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Archaeological Bull's Eye

Archeologists found a perfectly preserved 1,500 year old arrow inside a Norwegian glacier.

1,500 year old arrow discovered in Norway
A photo posted to Facebook by the Secrets Of The Ice research group

A team from a glacier archeology program discovered the arrow, dated to between 300 and 600 CE, in the Jotunheimen Mountains on 17 August. It was found during a survey of the reindeer hunting site, and was “really well preserved,” even when compared to other arrows from the ice.

Lars Holger Pilø, who co-directs the glacier archeology program at the Department of Cultural Heritage, told Newsweek: "We have found more than 200 arrows that have melted out of the ice in recent years in Innlandet County, Norway in the last 15 years. The earliest are 6,000 years old. The one we are talking about now is really well preserved though, with the arrowhead still attached and remains of sinew and pitch. Most arrows are preserved with only fragments of the shaft remaining," he continued.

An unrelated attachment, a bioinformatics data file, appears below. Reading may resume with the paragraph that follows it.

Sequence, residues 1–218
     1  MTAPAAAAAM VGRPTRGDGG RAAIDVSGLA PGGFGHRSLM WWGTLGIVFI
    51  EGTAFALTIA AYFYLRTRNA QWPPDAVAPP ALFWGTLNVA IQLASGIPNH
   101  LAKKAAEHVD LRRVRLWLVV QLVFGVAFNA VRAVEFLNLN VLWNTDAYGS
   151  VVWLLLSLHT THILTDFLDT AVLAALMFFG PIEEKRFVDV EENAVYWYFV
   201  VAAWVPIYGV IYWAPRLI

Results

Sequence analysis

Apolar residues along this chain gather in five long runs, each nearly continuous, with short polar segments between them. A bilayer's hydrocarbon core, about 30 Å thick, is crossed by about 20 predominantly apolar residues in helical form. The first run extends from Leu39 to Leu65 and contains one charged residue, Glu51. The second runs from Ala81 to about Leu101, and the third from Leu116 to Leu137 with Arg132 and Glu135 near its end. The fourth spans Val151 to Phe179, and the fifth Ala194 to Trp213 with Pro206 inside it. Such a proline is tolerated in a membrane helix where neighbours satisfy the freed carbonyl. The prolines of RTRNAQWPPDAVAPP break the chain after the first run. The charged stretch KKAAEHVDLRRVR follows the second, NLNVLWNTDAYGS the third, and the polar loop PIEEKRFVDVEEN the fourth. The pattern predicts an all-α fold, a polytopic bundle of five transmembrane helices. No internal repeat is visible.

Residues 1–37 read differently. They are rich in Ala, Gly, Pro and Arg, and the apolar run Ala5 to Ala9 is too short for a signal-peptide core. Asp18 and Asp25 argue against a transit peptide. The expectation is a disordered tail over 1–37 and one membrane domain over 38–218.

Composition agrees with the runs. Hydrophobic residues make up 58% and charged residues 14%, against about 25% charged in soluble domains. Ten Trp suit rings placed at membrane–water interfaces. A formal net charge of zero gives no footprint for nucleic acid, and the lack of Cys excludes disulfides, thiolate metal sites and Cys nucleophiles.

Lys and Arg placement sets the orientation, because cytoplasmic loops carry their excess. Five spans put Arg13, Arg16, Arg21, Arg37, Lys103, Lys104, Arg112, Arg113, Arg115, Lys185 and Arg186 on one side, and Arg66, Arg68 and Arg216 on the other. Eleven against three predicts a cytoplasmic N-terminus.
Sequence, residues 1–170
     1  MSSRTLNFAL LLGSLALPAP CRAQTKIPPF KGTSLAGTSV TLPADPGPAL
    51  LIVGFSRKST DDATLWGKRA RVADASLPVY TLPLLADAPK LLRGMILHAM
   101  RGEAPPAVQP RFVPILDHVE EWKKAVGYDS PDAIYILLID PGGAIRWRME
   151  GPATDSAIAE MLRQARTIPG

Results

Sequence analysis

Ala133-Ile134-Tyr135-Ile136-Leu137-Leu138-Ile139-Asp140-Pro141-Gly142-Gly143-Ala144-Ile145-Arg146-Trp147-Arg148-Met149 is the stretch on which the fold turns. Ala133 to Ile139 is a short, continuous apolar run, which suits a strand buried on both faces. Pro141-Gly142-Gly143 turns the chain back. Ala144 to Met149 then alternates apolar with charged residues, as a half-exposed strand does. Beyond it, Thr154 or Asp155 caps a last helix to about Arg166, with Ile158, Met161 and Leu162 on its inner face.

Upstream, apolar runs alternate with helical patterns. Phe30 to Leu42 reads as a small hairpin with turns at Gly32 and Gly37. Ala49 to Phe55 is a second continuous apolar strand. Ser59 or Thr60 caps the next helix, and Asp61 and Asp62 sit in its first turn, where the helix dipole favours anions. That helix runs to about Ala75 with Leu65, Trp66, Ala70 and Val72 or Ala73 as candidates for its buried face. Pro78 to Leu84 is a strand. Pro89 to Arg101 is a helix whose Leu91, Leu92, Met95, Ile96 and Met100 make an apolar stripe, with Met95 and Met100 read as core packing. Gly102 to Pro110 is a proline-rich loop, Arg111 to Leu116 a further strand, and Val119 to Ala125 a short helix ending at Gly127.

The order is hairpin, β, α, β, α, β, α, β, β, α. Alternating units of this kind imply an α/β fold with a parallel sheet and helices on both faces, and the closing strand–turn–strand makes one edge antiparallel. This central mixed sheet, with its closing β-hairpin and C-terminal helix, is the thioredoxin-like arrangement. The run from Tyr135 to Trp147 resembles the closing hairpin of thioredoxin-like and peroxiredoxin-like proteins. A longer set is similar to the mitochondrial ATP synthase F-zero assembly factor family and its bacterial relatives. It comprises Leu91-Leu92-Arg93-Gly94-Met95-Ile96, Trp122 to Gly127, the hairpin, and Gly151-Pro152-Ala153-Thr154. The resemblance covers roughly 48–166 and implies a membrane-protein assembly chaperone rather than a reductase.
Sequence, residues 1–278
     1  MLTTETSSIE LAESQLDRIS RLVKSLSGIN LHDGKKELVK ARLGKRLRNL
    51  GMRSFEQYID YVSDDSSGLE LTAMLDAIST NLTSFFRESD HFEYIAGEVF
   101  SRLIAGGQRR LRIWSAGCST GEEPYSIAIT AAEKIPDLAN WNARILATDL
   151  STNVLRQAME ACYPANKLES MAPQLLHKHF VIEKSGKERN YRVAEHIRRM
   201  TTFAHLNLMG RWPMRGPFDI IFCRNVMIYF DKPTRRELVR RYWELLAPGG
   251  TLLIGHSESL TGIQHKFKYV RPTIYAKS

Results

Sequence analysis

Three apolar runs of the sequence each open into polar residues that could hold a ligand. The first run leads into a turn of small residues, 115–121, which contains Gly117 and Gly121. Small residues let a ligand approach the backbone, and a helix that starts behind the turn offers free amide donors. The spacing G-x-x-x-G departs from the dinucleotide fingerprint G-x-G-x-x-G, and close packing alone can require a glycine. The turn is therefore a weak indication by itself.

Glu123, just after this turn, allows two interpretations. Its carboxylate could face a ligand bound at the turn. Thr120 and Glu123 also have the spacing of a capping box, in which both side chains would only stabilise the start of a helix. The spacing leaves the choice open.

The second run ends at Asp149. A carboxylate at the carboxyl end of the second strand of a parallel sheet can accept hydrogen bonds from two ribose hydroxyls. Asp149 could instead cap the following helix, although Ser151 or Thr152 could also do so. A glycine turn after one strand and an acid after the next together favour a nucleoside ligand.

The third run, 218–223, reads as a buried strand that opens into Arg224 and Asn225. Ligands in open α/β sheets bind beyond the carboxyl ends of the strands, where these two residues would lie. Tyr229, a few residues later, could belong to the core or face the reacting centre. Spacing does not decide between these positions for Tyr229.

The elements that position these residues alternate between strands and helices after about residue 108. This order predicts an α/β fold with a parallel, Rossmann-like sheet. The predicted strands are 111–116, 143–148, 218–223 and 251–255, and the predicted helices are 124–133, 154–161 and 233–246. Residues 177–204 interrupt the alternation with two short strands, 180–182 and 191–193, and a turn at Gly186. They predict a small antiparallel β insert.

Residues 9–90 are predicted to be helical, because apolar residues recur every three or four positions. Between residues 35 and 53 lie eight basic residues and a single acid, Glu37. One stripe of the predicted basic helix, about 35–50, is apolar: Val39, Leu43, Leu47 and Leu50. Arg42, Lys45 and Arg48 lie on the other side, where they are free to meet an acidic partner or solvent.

"This is a reindeer hunting site, so the arrows were lost when the hunters missed the reindeer and the arrows disappeared into the snow. A missed shot, but an archaeological bull's eye."

“The arrows melting out of the ice are a very important new source material to archeology. Due to their preservation, we can learn we at lot more about the past, such as how advances their bow-and-arrow technology really was. The age of the arrow can be assessed by the shape of the arrowhead and the arrow shaft, which both point to AD 300-600.”



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